A coded message sent by a brutal serial killer who has never been caught has been cracked more than 51 years after it was sent.

The male suspect, known as the Zodiac Killer, killed at least five people and attempted to kill at least two more in Northern California in 1968 and 1969. In the first three attacks, he targeted couples. The first two murder victims were high school students who were parked in a car on their first date. In attacks on the other two couples, he managed to kill the women, but the men survived. A male San Francisco cab driver was the last known victim.

During the murder spree, the Zodiac Killer sent media outlets a series of letters taking credit for the slayings. To prove the authenticity of the claims, the letters included unreleased details and evidence from the crime scenes.

In August 1969, following the murders of three of the five known victims, the Zodiac Killer sent three almost identical letters to three Bay Area newspapers. Each letter also included one-third of a 408-symbol cryptogram that the suspect said would reveal his identity. The killer demanded the papers publish the letters in full or he would kill again.

A week after the letters were sent, a couple in Salinas, California, cracked the cipher. The Zodiac Killer, the plaintext revealed, said he was collecting slaves for the afterlife and that he wouldn’t disclose his identity because doing so would interfere with those plans.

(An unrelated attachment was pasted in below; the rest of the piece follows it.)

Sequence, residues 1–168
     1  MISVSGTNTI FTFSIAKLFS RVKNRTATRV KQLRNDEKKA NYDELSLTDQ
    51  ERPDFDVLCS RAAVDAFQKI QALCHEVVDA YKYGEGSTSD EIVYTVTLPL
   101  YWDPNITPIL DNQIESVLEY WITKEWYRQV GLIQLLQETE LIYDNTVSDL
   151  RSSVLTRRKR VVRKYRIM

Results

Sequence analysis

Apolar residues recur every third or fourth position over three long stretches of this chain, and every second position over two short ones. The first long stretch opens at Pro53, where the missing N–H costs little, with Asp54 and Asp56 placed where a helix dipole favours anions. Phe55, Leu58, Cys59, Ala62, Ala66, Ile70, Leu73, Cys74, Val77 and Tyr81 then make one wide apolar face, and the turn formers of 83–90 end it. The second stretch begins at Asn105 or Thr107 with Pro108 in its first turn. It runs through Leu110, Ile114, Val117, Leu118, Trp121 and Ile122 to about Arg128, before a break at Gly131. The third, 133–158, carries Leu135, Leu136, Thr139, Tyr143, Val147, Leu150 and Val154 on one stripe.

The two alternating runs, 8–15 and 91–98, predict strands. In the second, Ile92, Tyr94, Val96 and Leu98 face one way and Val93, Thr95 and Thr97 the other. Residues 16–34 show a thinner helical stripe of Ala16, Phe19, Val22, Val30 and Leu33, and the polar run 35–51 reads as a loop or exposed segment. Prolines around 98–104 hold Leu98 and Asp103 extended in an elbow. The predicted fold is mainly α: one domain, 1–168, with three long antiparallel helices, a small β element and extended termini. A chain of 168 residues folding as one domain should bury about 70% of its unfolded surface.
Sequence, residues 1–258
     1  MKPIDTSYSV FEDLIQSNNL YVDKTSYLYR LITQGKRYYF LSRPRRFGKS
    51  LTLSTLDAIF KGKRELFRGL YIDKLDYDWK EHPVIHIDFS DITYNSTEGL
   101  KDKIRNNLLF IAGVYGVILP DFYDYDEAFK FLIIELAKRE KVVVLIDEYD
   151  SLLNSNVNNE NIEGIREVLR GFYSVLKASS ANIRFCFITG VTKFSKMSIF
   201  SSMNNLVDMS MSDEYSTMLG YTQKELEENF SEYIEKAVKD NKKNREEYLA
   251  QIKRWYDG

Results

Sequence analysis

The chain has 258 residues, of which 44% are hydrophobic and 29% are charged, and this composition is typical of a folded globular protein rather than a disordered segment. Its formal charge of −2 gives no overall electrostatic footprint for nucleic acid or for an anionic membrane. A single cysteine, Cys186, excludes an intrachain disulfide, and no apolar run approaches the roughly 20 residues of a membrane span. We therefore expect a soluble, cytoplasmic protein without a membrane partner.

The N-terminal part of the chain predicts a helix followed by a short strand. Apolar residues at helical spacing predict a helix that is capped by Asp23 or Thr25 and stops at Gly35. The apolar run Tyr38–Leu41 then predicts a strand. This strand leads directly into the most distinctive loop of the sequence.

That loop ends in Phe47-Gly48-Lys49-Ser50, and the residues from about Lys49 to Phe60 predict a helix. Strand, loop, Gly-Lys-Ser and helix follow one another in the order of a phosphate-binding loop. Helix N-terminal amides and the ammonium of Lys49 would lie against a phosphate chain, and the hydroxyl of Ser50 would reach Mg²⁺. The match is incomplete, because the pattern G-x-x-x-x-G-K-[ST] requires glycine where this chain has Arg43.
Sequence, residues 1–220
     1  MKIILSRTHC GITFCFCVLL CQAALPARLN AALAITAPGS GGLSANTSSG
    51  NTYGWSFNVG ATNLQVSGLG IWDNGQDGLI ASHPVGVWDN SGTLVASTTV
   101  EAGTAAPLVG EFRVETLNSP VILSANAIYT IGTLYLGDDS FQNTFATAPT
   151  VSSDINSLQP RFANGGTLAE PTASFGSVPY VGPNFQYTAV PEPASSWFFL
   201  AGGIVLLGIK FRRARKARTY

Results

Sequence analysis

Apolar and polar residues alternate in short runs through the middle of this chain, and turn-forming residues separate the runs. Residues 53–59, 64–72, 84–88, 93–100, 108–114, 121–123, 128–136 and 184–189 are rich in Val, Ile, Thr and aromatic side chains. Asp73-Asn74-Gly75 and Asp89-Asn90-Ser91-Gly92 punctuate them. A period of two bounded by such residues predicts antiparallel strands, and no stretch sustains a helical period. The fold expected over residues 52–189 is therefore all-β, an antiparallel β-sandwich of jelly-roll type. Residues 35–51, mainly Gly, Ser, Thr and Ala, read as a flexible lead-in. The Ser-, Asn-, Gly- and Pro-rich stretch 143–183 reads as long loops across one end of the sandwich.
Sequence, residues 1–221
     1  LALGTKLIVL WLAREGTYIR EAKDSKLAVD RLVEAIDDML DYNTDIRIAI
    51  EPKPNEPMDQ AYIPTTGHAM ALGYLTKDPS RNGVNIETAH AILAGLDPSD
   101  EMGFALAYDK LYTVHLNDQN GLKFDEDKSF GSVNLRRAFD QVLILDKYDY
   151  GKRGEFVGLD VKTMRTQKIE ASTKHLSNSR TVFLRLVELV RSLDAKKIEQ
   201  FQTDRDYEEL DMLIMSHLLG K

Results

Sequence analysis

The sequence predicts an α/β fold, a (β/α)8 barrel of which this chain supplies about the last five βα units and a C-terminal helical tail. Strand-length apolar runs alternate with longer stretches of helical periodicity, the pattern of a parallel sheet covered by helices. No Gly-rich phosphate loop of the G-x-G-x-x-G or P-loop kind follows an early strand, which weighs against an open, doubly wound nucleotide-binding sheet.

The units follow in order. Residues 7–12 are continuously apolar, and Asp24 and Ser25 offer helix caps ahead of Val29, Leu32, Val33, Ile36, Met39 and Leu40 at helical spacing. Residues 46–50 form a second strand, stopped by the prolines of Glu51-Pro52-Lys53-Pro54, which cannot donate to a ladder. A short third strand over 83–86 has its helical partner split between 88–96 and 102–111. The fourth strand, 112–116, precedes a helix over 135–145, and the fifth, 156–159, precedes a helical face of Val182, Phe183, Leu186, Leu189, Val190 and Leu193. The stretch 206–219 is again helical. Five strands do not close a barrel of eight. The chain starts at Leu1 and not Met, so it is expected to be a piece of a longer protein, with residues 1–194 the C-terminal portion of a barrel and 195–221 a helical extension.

In November 1969, after killing the remaining two known victims, the Zodiac Killer sent a letter to The San Francisco Chronicle that included a new puzzle. The cryptogram was known as the Z-340, or simply the 340, because it contained 340 characters in it.

Photograph: Getty Images

Ever since then, both amateur and professional cryptographers, including those working for the FBI, have worked to crack the cipher. It wasn’t until this week that an international team solved it.

“The cipher had been unsolved for so long, it had a huge target on its back, and I felt like it was a challenge that had a chance of being solved,” Dave Oranchak, one of the three men who cracked the encoded message, said by email. “It was an exciting project to work on, and it was on many people’s ‘top unsolved ciphers of all time’ lists.”